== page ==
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What Is Integrative Negotiation?

Integrative negotiation requires compromise on both sides.
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  • Written By: John Lister
  • Edited By: Bronwyn Harris
  • Last Modified Date: 01 September 2014
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Integrative negotiation is a strategy where the goal is a result that is as good as possible for both parties. It can also be referred to as win-win negotiation. It is an alternate strategy to the more common negotiation technique of simply trying to come up with the best possible outcome for your own side, known as distributive negotiation.

The idea of integrative negotiation is to work together to find the outcome that best helps both sides. This requires both sides to put more effort than usual into understanding what the other side requires and desires from a deal. Analysts of the tactic say it works best when the two sides concentrate primarily on the main point of the deal, rather than coming up with many secondary points which they will then “trade off” as part of the negotiating process.

Also known as a "win-win solution," integrative negotiation can be difficult, as it tends to require a considerable amount of compromise on both sides. Groups of people who are not used to working together may have to consider the negotiation to be more of a team effort, rather than a competition. Although this can be difficult at first, many people who have experience with integrative negotiation find that it can work out to be beneficial for both sides.

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Traditionally, most negotiations work on a distributive basis. Distributive negotiation works on the principle that both sides will be out to get the deal which best helps them. This is often reflected in the assumptions analysts make about how a hypothetical set of negotiations will proceed and be resolved. In this situation, the two parties tend to see any gain as the other party's loss and vice versa. Integrative negotiation can take this issue off the table by looking for the best situation for all parties concerned.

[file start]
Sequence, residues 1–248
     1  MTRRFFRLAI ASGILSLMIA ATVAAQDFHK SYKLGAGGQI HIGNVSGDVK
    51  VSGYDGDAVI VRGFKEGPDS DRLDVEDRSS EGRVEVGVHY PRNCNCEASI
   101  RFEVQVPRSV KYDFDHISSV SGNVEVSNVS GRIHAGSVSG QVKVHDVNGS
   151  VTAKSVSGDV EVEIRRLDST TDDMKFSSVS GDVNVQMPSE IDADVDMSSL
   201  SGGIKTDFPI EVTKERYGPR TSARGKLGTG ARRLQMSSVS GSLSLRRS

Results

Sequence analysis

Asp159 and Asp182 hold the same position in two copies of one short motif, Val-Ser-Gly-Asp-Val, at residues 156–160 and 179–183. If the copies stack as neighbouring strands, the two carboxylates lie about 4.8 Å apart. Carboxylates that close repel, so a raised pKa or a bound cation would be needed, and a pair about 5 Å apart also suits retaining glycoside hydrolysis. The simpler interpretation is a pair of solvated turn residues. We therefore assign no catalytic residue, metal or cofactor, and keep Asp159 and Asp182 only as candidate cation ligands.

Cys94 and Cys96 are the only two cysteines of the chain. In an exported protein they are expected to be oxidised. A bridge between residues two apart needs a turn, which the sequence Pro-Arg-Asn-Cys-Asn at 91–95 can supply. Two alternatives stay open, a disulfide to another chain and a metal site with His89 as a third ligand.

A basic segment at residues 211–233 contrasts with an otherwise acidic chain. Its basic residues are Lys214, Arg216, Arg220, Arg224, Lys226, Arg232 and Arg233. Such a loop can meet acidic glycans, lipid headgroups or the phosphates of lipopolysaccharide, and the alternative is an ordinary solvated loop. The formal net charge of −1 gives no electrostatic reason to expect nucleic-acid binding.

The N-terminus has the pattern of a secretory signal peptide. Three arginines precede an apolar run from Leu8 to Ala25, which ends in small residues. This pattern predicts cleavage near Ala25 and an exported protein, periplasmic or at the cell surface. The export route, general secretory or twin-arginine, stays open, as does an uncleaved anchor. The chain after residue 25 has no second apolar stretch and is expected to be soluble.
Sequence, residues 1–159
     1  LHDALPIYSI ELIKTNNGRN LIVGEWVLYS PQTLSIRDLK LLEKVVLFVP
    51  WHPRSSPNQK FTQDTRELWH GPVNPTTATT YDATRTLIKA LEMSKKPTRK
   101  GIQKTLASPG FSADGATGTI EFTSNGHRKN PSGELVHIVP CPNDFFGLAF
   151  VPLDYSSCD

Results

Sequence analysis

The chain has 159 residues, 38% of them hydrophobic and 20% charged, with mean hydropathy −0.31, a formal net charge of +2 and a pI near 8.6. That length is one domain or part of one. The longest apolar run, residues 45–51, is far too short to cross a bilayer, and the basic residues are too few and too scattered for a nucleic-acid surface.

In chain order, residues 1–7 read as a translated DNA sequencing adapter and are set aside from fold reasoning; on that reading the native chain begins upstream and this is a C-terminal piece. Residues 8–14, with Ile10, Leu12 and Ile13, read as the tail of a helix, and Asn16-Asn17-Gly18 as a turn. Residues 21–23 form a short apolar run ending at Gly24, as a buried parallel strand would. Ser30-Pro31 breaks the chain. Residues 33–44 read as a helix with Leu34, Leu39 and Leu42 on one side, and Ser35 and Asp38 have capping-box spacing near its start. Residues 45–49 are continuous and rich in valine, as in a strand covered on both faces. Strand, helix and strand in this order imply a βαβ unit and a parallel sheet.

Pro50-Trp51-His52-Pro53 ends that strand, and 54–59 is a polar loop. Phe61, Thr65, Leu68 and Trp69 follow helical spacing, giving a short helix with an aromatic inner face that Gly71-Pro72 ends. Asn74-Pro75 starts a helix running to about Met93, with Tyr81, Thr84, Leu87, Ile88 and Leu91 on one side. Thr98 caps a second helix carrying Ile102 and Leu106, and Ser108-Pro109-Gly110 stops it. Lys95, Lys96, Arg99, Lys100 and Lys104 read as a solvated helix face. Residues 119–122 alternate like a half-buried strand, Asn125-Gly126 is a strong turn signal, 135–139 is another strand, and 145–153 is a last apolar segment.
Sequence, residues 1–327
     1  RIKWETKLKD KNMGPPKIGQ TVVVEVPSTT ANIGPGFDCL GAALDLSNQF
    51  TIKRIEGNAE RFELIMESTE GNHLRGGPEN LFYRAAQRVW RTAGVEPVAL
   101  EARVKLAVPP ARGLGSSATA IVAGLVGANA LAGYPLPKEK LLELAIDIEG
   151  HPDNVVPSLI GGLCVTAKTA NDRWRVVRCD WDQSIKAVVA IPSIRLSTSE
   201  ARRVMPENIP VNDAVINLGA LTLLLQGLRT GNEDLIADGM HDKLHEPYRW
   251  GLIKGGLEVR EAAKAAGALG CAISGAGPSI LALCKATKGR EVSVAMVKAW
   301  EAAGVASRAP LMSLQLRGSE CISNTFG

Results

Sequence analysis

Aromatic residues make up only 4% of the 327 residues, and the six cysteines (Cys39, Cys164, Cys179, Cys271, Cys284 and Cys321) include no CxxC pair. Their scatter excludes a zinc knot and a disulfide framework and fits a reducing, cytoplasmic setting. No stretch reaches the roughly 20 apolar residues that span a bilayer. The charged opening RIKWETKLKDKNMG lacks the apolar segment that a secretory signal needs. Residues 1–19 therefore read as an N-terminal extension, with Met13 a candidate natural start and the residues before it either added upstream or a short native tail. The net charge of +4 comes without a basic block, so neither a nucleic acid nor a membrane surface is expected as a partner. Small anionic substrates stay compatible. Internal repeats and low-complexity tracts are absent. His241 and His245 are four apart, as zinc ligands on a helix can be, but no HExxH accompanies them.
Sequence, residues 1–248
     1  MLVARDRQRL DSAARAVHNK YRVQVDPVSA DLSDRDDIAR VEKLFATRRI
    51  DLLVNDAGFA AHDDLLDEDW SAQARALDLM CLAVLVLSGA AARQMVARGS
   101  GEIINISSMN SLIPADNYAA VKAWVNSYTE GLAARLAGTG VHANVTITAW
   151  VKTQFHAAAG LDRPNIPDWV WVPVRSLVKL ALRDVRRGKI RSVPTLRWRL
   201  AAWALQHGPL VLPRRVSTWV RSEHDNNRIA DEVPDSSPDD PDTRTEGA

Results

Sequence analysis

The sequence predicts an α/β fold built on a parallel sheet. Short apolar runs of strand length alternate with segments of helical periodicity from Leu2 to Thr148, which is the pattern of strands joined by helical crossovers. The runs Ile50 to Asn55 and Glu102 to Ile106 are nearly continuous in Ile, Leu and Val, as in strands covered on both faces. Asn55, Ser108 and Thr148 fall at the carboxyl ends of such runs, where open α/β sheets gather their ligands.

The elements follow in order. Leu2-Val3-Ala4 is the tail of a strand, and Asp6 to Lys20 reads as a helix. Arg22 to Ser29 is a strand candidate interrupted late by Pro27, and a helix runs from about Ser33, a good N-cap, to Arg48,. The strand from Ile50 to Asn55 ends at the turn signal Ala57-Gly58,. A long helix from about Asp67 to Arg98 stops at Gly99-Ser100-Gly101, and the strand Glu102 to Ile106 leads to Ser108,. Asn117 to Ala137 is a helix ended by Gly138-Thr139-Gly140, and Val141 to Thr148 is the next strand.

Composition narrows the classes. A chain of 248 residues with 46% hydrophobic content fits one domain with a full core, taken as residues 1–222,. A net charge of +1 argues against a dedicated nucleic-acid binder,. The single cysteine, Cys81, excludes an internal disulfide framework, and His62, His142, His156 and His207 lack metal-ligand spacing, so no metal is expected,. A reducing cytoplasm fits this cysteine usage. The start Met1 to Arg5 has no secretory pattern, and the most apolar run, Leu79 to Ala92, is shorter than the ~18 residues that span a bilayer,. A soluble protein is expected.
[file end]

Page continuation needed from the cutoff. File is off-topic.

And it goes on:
Integrative negotiation should not be confused with integrative analysis. The latter is a technique used in the field of negotiation theory, which aims to explain how and why negotiations usually turn out. Most versions of negotiation theory reduce it to a simple set of factors, along the lines of those used in such hypothetical situations as the “Prisoner’s Dilemma.” Integrative analysis works from the perspective that negotiation is much more complex and should be broken down into multiple stages for analysis, from the first contact between the two sides right through to a deal’s formal completion.

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Discuss this Article

anon947013
Post 4

Mediators don't negotiate if they function properly.

ysmina
Post 3

I don't think that there is a rule that only one negotiation method may be used at a time. Third parties use integrative negotiation along with other methods. It happens especially when there is more than two parties involved.

I think it shows the mediator's negotiation skills too. If the negotiations have reached a halt because it is not possible to resolve one issue with distributive negotiation, then, the third party can jump to a different method like integrative negotiation to get past the problem.

serenesurface
Post 2

I agree that integrative negotiation is a little bit easier than distributive negotiation. The reason I think this is because distributive negotiation takes place when there is little to share between the parties. I mean if the negotiation is over one piece of land, for example, it's either a win or loss situation for each party. Neither side is going to want to lose and negotiation is not going to be easy or fun.

If you can do integrative negotiation, it means that the parties can actually share something. Since each side can gain, they don't feel as threatened by the other and might be more willing to make the negotiations work.

candyquilt
Post 1

Were the negotiations for the Dayton Peace Accords an integrative negotiation? I know there was a lot of bargaining in Dayton between the Serbs, Bosnians and Croations. The U.S. was trying hard to make all parties happy. So, I think it is a good example for integrative negotiation, right?

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